Thursday, 30 June 2016

Preventing Falling For Neuropathy Patients

Today's post from (see link below) looks at the risk of falling for people in general (especially older people) but also people with nerve damage. It gives some useful explanations as to why this can happen and how to avoid it. Unfortunately, if you have long-term neuropathy, you may have noticed how much more frequently you're stumbling and maybe even falling. It's not surprising, given the confusing signals your feet are receiving from your damaged nerves but there is a serious risk of injury and it's best to be aware of the problem. Many people who feel their balance is fragile, try to grip the ground with their feet and consequently tense up even more when walking, leading to a greater risk of falling. We have to find strategies to avoid this and this article helps with a few tips.

Defying Gravity? Fall Prevention
Posted by Kathleen Hoffman on Jan 22, 2016

Our greatest glory is not in never falling, but in rising every time we fall. ~Confucius

An elephant and a feather would fall from a tall building and land at exactly the same time (in the absence of air resistance). Getting your head around it is hard but it’s just the nature of gravity.

Everyone is affected by gravity. From the time we’re up on our feet as toddlers, we risk stumbling and tumbling. Skinned knees and scraped elbows are a normal part of growing up.

Yet sometimes falls are severe. Every year, over 2 million visits to the emergency department are due to falls.

Although researchers focus on falls that happen to people age 65 and over, according to one insurance company, most falls are not related to age. Certain physical conditions are commonly related to falling.

For example, a recent study comparing adults with and without arthritis found that those with arthritis were twice as likely to experience 2 or more falls. Not getting enough Vitamin D, foot pain and neuropathy, medication side effects like dizziness, weakness in the lower half of the body have all been associated with increased risk of falling. Changes in vision that interfere with balance increase the likelihood of falls.
Another factor associated with falling are the side effects of medications, like dizziness.
Fall Prevention at Home

Certain areas of the house are associated with more frequent falls than others. Here are some ideas to reduce your risk of falling.
What’s The Most Dangerous Room in Your House?

Most people say the kitchen. But according to the CDC, your bathroom is the

most hazardous  

room in the house. Around 235,000 injuries occur in bathrooms every year. Eighty one percent of these injuries are falls. For the young and old alike, getting in and out of the bathtub or shower is treacherous. Adding handrails in the bathroom, in the tub, and by the toilet can help reduce falls.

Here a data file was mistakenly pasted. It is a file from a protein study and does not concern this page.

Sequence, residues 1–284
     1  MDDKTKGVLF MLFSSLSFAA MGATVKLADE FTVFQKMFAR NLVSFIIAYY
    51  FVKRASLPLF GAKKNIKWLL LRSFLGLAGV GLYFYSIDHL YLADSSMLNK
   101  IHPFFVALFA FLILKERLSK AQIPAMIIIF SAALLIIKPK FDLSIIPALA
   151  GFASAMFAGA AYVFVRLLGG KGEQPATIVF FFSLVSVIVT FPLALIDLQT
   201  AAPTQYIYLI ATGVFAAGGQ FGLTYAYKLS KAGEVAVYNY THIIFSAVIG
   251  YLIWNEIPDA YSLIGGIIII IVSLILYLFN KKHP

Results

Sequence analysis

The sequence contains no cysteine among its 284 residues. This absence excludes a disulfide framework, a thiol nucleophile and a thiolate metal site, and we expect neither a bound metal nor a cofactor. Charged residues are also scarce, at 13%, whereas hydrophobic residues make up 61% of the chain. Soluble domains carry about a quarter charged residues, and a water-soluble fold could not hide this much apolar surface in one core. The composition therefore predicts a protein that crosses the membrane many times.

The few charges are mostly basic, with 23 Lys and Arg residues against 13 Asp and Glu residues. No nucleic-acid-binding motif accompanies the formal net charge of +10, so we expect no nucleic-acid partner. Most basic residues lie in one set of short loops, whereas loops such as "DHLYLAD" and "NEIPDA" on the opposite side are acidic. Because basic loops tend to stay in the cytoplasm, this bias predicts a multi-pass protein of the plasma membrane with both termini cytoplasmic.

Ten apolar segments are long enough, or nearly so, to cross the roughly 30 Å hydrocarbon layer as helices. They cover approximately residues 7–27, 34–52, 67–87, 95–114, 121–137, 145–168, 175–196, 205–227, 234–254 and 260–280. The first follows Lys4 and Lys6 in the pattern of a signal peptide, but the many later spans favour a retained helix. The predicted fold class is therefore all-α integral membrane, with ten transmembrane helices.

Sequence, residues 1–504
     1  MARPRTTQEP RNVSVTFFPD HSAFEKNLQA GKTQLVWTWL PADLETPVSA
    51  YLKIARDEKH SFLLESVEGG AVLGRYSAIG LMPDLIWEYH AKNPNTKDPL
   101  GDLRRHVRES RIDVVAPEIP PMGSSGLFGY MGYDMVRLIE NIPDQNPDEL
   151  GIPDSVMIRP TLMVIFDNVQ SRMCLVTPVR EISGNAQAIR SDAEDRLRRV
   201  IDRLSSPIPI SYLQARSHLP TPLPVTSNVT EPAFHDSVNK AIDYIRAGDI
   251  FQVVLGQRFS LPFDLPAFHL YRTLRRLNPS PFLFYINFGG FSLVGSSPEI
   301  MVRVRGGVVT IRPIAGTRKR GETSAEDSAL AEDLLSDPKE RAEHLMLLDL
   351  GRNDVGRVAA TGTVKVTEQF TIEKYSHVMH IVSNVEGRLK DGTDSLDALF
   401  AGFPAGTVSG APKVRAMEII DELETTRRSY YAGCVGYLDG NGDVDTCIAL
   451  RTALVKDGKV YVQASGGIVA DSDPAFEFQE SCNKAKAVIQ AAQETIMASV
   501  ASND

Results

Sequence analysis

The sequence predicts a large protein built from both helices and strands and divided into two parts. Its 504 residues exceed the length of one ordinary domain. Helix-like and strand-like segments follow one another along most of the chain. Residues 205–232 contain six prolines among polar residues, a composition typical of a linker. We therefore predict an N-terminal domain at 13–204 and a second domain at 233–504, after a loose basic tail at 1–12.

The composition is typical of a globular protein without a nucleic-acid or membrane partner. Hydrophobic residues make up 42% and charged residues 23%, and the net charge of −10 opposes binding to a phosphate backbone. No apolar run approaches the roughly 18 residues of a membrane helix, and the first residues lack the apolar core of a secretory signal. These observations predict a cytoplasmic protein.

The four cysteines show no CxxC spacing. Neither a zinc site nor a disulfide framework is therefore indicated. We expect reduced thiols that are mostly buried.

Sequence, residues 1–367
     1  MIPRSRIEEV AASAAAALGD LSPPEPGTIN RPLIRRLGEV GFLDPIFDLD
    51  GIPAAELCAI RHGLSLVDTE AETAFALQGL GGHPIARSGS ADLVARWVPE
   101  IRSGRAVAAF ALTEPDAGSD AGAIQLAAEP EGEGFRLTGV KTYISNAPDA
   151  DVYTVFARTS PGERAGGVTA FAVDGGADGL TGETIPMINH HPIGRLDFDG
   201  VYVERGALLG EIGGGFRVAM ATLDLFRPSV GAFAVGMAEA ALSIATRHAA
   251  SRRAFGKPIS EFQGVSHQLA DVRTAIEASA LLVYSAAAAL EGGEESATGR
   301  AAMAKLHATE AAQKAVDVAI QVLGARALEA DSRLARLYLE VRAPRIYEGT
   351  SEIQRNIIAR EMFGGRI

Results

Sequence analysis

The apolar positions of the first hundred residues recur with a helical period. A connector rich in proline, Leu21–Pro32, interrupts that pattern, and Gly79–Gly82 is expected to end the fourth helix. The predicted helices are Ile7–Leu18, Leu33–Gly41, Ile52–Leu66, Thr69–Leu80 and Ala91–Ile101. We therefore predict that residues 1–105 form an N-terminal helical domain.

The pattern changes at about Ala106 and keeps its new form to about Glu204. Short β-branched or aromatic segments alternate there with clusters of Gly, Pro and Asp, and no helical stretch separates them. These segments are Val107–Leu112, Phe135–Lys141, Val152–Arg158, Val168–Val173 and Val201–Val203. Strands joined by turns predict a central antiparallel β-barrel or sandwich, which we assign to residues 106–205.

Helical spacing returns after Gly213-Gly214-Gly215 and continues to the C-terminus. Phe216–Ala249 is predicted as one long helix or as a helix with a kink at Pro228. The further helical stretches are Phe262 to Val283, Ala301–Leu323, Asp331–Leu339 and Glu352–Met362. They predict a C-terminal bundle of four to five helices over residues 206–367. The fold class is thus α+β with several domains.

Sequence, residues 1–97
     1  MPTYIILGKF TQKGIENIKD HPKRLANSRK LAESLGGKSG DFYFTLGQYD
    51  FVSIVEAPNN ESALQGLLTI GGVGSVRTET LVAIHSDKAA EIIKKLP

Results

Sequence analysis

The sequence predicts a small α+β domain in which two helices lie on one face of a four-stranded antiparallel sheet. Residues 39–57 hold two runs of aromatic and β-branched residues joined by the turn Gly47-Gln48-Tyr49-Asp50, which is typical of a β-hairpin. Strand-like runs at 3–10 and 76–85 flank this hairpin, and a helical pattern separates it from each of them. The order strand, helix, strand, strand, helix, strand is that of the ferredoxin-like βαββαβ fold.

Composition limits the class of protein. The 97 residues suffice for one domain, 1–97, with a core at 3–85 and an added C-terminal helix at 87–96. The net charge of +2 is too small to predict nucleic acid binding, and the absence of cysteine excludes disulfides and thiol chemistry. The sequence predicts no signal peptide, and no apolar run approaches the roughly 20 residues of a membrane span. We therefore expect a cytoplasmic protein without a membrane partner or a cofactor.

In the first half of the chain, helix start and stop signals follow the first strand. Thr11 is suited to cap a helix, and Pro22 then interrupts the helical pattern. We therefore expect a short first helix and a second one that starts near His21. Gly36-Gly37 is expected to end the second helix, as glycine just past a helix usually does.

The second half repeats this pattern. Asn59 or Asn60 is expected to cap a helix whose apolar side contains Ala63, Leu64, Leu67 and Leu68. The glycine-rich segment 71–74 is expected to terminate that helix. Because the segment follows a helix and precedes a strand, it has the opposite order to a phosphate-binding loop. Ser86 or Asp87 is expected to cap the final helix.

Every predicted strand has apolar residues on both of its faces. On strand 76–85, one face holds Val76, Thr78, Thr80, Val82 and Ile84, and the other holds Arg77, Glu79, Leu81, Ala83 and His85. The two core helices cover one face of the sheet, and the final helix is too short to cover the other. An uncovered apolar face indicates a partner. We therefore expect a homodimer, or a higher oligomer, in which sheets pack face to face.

Step Lively on Stairs

As people walk up and down steps, their nervous systems create a set of expectations about the height of the steps. A difference in height between steps is one of the main reason for falls. Warnings and visual cues that something is amiss in the height of steps is a failsafe but assuring that all steps are the same height can reduce injuries.

Uneven tread, or even broken steps are hazardous. Installing handrails on all stairwells is recommended.
Reduce the Clutter

There are neatniks and then, there are the rest of us. Clutter is a way of life for many. But clutter on the floor, including electric cords and accent or throw rugs are unsafe and increase the risk of falling.
Throw Some Light On the Subject

Okay, here’s where aging research comes in and tells the story. Aging eyes take longer to adjust to changes in the level of light. In addition, physical changes in the eye reduce the amount of light that enters the eye and actually scatters light in the eye. The scattering means that older eyes see more glare and with more glare less detail can be seen. Finally, yellowing lenses, another age effect, makes distinguishing colors more difficult.

So, changes in lighting are essential to safety. Eliminate light fixtures that flicker so that the general lighting of the room is uniform across it. If light can be made uniform between rooms, this can also improve sight and safety. Replace light bulbs so that the house is brighter and use glare free lighting.
Fear of Falling Can Increase the Risk of Falls

Since 20% of falls result in serious injuries, it’s not surprising that after one fall, people become fearful of another. Moreover, that fear can become a reason to be less active. That’s where the paradox lies because being less active weakens muscles in the abdomen, hips and legs, increasing the likelihood of falling. Moving and staying physically fit is key to preventing falls.

Each year, over 700,000 people are hospitalized because of injuries that occur from falling. By taking a few precautions, you can reduce your risk for becoming one of them. Institute fall prevention strategies and Stay safe.

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